BOULDER — The man accused of killing 10 people at a King Soopers grocery store in Boulder told mental health professionals he bought guns because he intended to carry out a mass shooting and “commit suicide by cop,” a psychologist testified Wednesday.
The daylong competency hearing in Boulder County District Court was the first significant court appearance for Ahmad Al Aliwi Alissa since he was arrested more than two years ago and charged with the murder of 10 people during the March 21, 2021, mass shooting at the Table Mesa King Soopers.
Alissa, who has been diagnosed with schizophrenia, said in August that he was experiencing hallucinations on the day of the attack and that he would prefer to plead not guilty by reason of insanity to the first-degree murder charges lodged against him, said forensic psychologist Loandra Torres, who evaluated Alissa for competency at the Colorado Mental Health Hospital in Pueblo.
Alissa, 24, was found mentally incompetent to stand trial in December 2021, stalling the criminal case against him until state psychologists found him competent in August.
Boulder County District Court Judge Ingrid Bakke must now affirm or reject those evaluators’ findings after listening to testimony about Alissa’s condition and treatment during this week’s hearing. Her decision, expected by early next week, will determine whether the criminal case against Alissa can move forward or will remain stalled.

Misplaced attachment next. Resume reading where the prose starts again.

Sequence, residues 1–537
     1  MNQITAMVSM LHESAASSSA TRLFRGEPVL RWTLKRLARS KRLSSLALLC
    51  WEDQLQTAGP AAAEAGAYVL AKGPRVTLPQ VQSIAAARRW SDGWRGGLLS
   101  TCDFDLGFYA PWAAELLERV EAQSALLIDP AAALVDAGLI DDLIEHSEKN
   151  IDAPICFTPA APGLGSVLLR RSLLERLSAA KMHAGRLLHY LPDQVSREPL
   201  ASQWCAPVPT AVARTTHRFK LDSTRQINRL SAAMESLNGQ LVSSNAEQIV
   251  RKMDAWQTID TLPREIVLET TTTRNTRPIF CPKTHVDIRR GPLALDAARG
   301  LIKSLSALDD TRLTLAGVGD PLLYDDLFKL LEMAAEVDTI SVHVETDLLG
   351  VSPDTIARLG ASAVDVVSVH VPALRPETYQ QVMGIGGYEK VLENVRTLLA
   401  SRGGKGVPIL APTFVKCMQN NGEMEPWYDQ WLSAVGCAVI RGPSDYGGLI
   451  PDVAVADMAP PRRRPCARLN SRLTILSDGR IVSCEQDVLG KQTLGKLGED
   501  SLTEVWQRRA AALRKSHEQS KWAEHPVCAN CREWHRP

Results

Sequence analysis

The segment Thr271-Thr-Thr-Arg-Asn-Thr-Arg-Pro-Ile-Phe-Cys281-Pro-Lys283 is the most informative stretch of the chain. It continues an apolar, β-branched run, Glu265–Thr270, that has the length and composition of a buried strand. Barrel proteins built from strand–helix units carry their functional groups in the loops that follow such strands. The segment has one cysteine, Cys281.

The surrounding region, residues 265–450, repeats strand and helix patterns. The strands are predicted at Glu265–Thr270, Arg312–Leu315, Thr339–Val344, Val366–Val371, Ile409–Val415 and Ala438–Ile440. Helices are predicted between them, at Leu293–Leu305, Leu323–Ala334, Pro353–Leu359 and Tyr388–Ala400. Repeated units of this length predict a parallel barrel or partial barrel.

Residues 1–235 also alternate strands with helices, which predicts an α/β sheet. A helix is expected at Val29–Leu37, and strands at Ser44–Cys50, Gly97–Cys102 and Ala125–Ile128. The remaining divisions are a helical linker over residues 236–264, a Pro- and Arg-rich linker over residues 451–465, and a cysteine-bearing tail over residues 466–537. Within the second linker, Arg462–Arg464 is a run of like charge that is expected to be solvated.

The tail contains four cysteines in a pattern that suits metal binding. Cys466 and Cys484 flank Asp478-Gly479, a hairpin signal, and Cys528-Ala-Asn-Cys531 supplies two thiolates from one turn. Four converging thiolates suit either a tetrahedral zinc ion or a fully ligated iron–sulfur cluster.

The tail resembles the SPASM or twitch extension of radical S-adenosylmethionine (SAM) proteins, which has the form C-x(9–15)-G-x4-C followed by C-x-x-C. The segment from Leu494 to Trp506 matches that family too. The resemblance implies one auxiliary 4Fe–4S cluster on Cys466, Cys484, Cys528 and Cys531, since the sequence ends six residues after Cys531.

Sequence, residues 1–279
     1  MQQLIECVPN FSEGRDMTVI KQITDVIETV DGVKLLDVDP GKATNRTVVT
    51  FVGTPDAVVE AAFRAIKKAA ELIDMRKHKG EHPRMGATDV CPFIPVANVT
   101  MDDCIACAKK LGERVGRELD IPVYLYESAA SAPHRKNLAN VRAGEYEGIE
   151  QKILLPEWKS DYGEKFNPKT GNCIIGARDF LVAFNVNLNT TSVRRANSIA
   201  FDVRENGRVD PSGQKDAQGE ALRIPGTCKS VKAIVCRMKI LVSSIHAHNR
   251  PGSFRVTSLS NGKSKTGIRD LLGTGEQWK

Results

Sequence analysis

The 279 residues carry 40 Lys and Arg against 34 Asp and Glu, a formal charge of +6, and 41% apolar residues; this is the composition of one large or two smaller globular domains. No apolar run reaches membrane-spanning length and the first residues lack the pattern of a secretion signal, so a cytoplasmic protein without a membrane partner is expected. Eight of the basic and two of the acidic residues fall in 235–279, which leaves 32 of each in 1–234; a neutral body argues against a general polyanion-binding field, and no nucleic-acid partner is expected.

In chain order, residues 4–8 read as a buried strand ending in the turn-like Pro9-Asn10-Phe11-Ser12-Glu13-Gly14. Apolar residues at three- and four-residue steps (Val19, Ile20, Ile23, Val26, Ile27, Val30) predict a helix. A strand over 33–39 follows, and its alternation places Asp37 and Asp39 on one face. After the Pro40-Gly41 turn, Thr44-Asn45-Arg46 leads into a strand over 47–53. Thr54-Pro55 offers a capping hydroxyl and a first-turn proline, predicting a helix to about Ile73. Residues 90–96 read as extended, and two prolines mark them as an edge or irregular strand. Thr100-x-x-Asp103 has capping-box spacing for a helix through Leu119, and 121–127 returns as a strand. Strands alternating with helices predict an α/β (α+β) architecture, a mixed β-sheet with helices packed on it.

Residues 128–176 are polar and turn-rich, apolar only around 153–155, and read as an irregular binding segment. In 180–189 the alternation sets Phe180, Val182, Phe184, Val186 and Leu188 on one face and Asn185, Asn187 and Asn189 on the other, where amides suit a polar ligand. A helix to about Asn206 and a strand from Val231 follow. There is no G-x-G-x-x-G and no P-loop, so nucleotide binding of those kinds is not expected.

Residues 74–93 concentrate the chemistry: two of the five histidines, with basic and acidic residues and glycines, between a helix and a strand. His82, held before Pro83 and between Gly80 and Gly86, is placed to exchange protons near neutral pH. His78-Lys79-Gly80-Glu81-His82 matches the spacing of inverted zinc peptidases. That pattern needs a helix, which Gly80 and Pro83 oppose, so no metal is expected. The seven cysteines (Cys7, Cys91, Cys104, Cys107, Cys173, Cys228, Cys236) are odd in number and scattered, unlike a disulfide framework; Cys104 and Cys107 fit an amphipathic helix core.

A competency evaluation considers whether a criminal defendant is mentally ill or developmentally disabled, and whether that mental illness impedes the defendant’s ability to understand the court process and assist in his own defense. Competency refers only to a defendant’s current mental capacity and is distinct from an insanity defense, which focuses on the defendant’s mental state at the time of the alleged crime.
Two forensic psychologists testified Wednesday that Alissa has schizophrenia and that he had not been treated, hospitalized or medicated for the serious mental illness before he arrived at the Colorado Mental Health Hospital in December 2021, six months after the attack.